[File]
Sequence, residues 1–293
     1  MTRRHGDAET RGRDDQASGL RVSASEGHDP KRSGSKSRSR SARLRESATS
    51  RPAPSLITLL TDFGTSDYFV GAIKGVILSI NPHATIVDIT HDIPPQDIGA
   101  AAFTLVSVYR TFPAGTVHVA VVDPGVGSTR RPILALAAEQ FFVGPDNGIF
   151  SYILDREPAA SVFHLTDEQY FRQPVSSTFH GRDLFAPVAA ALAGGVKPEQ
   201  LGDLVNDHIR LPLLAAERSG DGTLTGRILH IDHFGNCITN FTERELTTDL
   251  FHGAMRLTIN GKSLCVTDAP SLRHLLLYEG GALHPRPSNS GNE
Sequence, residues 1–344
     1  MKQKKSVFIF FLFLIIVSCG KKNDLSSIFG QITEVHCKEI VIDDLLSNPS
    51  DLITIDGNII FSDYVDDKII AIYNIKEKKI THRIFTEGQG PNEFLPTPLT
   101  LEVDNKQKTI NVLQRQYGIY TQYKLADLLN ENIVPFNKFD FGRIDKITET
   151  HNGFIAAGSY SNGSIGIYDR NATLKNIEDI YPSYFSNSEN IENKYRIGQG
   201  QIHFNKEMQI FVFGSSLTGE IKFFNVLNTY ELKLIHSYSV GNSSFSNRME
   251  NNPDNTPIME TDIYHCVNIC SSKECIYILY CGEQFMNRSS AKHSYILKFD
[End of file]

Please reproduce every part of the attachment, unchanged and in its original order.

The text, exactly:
Sequence, residues 1–293
     1  MTRRHGDAET RGRDDQASGL RVSASEGHDP KRSGSKSRSR SARLRESATS
    51  RPAPSLITLL TDFGTSDYFV GAIKGVILSI NPHATIVDIT HDIPPQDIGA
   101  AAFTLVSVYR TFPAGTVHVA VVDPGVGSTR RPILALAAEQ FFVGPDNGIF
   151  SYILDREPAA SVFHLTDEQY FRQPVSSTFH GRDLFAPVAA ALAGGVKPEQ
   201  LGDLVNDHIR LPLLAAERSG DGTLTGRILH IDHFGNCITN FTERELTTDL
   251  FHGAMRLTIN GKSLCVTDAP SLRHLLLYEG GALHPRPSNS GNE
Sequence, residues 1–344
     1  MKQKKSVFIF FLFLIIVSCG KKNDLSSIFG QITEVHCKEI VIDDLLSNPS
    51  DLITIDGNII FSDYVDDKII AIYNIKEKKI THRIFTEGQG PNEFLPTPLT
   101  LEVDNKQKTI NVLQRQYGIY TQYKLADLLN ENIVPFNKFD FGRIDKITET
   151  HNGFIAAGSY SNGSIGIYDR NATLKNIEDI YPSYFSNSEN IENKYRIGQG
   201  QIHFNKEMQI FVFGSSLTGE IKFFNVLNTY ELKLIHSYSV GNSSFSNRME
   251  NNPDNTPIME TDIYHCVNIC SSKECIYILY CGEQFMNRSS AKHSYILKFD